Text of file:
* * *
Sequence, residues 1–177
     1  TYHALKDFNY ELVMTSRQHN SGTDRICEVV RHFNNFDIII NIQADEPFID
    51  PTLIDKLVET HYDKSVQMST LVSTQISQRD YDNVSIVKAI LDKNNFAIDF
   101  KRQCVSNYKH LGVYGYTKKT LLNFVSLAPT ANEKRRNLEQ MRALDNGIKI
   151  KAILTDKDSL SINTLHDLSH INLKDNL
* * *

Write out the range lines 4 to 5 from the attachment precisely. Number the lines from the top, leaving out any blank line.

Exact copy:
   101  KRQCVSNYKH LGVYGYTKKT LLNFVSLAPT ANEKRRNLEQ MRALDNGIKI
   151  KAILTDKDSL SINTLHDLSH INLKDNL